The State of California and County of Los Angeles have agreed to begin the process of removing as many as 1.5 million inactive registered names from its voter rolls, a government watchdog group announced.
The state and county agreed to remove the potentially invalid voters as part of a settlement agreement reached with Judicial Watch, which filed a 2017 federal lawsuit to force the cleanup of voter rolls.
The National Voter Registration Act (NVRA) requires the removal of inactive registrations from the voter rolls after two general federal elections (encompassing from 2 to 4 years). Inactive voter registrations belong, for the most part, to voters who have moved to another county or state or have passed away.
Judicial Watch said the lawsuit “uncovered that neither the State of California nor Los Angeles County had been removing inactive voters from the voter registration rolls for the past 20 years.”
The Supreme Court affirmed last year in that the NVRA “makes this removal mandatory.”
In its lawsuit, Judicial Watch alleged:
That Los Angeles County has more voter registrations on its voter rolls than it has citizens who are old enough to register. Specifically, according to data provided to and published by the U.S. Election Assistance Commission, Los Angeles County has a registration rate of 112 percent of its adult citizen population.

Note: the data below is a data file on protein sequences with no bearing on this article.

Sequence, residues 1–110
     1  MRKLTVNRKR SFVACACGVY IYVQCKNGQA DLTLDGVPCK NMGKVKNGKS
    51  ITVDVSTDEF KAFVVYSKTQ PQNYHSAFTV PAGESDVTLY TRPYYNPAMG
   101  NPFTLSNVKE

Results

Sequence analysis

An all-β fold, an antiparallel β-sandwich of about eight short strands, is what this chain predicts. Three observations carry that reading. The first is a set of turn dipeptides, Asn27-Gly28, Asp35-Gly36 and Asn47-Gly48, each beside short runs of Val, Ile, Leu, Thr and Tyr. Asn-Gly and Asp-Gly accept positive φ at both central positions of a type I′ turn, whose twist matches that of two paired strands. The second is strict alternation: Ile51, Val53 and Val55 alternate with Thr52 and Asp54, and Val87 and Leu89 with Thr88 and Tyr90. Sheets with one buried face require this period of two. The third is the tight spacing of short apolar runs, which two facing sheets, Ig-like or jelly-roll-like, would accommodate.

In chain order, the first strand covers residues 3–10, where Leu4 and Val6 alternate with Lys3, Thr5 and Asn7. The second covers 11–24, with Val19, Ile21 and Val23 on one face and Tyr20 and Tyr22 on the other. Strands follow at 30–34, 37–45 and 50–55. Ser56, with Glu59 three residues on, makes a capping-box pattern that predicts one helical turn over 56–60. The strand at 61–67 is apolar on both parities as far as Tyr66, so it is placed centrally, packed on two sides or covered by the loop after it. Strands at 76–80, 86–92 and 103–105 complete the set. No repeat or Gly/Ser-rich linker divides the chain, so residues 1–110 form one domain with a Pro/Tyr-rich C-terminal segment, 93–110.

The entire State of California has a registration rate of about 101 percent of its age-eligible citizenry.
Eleven of California’s 58 counties have registration rates exceeding 100 percent of the age-eligible citizenry.
The lawsuit confirmed that, in Los Angeles County, more than one out of every five registrations likely belongs to a voter who has moved or is deceased. Judicial Watch notes that “Los Angeles County has the highest number of inactive registrations of any single county in the country.”
The new settlement agreement requires all of the 1.5 million potentially ineligible registrants to be notified and asked to respond. If there is no response, those names are to be removed as required by the NVRA.
“This settlement vindicates Judicial Watch’s groundbreaking lawsuits to clean up state voter rolls to help ensure cleaner elections,” said Judicial Watch President Tom Fitton. “Judicial Watch and its clients are thrilled with this historic settlement that will clean up election rolls in Los Angeles County and California – and set a nationwide precedent to ensure that states take reasonable steps to ensure that dead and other ineligible voters are removed from the rolls.”
Published under special arrangement with the WorldTribune